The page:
The metrics we have been discussing over the past couple of weeks were designed to be either predictive or to measure historical effectiveness of investments in innovation. Today we look at tracking a set of numbers that should help us improve the ability of the organization to predict the financial impact of individual initiatives. The constant and consistent degradation of forecast revenue and margin as a new concept works its way through the development cycle and into market is a common problem.
You know how this works. The $100 million idea becomes a $75 million concept that turns into a $50 million product just prior to launch. We then end up with $25 million in first year revenues and that is deemed insufficient to warrant further investment and the product gets pulled from the market. This degradation is not just a function of a better understanding of the market opportunity. The financial forecasts should become more accurate as we learn more, not just smaller.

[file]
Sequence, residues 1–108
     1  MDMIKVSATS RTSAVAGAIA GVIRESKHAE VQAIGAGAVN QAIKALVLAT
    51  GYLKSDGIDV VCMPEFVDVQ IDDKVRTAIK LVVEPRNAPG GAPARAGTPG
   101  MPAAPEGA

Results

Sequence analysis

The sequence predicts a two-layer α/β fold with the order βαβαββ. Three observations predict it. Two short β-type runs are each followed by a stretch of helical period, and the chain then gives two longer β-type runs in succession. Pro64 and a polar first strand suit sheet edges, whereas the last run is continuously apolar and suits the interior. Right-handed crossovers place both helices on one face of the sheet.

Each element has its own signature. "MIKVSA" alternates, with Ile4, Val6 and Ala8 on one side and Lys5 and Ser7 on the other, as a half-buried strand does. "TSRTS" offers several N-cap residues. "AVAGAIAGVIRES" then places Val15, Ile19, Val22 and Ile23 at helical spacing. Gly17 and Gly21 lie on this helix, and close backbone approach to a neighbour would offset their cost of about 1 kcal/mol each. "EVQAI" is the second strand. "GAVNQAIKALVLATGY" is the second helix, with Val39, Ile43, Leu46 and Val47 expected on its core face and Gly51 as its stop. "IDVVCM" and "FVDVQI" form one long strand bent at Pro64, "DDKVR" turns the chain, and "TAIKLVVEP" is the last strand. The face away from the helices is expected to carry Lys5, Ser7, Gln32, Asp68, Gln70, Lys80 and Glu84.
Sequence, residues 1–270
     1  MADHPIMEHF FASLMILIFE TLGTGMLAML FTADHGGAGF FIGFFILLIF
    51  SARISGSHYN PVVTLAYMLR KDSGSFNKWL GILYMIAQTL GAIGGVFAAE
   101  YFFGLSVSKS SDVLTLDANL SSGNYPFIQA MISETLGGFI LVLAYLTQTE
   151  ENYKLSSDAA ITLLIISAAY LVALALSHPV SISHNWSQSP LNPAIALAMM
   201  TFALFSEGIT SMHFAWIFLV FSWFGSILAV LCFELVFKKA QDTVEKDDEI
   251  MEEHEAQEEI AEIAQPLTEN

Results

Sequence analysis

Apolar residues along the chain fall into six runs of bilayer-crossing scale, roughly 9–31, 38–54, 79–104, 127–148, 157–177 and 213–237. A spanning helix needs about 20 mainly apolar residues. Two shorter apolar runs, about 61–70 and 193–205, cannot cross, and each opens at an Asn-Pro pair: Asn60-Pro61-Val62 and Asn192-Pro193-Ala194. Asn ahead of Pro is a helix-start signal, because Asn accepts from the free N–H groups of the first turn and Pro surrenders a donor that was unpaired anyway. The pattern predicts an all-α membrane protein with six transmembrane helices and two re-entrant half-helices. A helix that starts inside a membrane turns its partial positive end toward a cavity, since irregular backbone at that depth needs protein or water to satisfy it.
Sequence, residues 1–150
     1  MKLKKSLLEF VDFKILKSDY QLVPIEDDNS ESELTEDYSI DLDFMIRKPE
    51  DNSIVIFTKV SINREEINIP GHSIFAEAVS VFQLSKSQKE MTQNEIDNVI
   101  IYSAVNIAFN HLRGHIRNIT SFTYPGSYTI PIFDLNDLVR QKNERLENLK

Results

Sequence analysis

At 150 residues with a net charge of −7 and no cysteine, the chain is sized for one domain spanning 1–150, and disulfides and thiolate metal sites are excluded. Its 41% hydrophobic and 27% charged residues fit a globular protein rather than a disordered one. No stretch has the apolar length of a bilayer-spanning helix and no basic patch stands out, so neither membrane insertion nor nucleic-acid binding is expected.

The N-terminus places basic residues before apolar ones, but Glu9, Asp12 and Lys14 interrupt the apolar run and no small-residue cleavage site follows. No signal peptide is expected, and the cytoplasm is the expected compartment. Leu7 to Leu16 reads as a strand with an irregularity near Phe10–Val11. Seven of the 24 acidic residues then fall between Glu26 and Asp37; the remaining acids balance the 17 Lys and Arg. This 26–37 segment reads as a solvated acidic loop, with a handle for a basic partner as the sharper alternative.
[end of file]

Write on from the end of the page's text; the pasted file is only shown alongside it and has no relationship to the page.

It is not surprising that our forecasts prove to be wrong when we are estimating financials at the early stages of development. We are dealing with assumptions built upon assumptions about events that will happen months or years in the future. If the idea is truly innovative then there are no benchmarks or analogs to use as comparisons. That makes the job even harder. What is surprising is that we are almost always wrong on the upside. The bias to overestimate financial results is pervasive and persistent.
We can tackle this problem by tracking risk-adjusted forecasts at each stage of development and comparing them to actual results in market. Combine this disciplined measurement system with a process of post-launch review that forces the team to identify the sources of variance in the original forecast. This will create a learning organization that gets better at predicting the future.